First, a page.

As data analytics is becoming the base infrastructure of all business activities, it is critical to have data coaches and mentors, says Jorgen Heizenberg, Vice President, Analyst – Data, Analytics & AI at Gartner. Excerpts from an interview:
Manoj Agrawal: What is the key to successful data analytics?
Jorgen Heizenberg: In my experience, it is not about tools and technologies, but it is about people as I have worked on many data analytics initiatives. Success lies primarily in having the right set of people with the right skills who can handle challenges and areas of change management – accepting data analytics as a different way of working as supposed to working with technology challenges. Technology challenges were easier to overcome in comparison to the resistance for adopting data analytics by organizations. To a certain extent, the banking industry is focused on the first part, ie, technology implementation. It is critical to understand how data analytics works, influences decision-making and how to embed this into the workflow. The change management component is often overlooked. But you need both to be successful.
With this explanation, should a course in data be a part of a leadership program?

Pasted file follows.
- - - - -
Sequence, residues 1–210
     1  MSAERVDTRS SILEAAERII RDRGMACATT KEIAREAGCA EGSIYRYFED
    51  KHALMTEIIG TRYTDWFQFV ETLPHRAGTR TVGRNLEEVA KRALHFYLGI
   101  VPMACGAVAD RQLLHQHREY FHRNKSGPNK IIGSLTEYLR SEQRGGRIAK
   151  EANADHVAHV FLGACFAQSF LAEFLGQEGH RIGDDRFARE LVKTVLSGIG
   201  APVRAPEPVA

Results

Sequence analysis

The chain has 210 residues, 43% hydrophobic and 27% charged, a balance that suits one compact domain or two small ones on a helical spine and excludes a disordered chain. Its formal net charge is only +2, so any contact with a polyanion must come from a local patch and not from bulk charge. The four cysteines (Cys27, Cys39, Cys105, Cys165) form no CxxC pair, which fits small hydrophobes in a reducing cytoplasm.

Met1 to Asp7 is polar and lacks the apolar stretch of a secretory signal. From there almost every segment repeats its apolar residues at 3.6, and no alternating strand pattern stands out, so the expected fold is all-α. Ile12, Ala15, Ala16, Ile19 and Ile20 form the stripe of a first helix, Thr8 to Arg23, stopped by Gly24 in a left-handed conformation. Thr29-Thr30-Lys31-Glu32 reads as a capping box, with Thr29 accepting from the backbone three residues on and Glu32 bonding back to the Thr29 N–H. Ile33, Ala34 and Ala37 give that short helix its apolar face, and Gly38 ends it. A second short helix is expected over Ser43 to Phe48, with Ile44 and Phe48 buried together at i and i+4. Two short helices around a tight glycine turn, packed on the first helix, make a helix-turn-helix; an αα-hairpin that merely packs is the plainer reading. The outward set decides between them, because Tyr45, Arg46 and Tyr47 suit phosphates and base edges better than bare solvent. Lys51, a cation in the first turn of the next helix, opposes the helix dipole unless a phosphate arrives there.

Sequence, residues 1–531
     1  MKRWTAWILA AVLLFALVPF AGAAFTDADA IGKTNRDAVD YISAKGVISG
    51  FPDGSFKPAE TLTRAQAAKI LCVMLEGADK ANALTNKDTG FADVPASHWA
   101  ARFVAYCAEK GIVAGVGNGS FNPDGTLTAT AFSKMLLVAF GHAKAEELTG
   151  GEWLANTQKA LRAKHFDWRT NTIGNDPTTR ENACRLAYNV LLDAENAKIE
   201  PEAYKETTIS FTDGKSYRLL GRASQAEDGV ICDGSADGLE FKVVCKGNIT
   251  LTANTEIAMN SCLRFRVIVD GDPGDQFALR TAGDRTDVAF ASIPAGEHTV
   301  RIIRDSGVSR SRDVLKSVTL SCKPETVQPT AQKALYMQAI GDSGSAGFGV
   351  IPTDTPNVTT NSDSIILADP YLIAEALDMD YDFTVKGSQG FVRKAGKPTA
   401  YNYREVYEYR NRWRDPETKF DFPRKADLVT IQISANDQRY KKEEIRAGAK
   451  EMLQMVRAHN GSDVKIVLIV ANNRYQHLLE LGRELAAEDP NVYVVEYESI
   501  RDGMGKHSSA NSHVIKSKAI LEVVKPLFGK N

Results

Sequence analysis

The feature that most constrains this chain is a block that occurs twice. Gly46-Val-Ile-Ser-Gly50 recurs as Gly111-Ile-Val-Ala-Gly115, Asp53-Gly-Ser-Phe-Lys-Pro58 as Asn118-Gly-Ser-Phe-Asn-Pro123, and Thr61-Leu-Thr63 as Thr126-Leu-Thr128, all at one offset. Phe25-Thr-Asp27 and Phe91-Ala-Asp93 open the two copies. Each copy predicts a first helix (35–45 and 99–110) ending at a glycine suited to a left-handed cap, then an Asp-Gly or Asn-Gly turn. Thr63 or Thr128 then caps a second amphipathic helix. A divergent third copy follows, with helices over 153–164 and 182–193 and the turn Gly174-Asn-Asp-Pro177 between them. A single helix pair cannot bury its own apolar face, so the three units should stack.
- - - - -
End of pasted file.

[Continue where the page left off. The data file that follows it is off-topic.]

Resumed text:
Data analytics needs to be part of any leader. All organizations today want to be more data driven. That means they need to be educated on what it really means to be data driven. Everybody in the organization needs to data literate. If you are in the supply chain, one should understand how data can remove bottlenecks, or improve delivery time. A CFO must know how data analytics can help improve margins; a CMO should understand how data can help reach new customers. All leaders in an organization should gain knowledge about how they can leverage data analytics to improve business in their role. Data analytics should not be limited to the leaders alone. In a data driven culture of an organization, every participant (employee) should be on the same page when it comes to data analytics. That means a top-down approach along with a bottom-up approach. Communities around data and analytics start to emerge around chain community and finance and HR.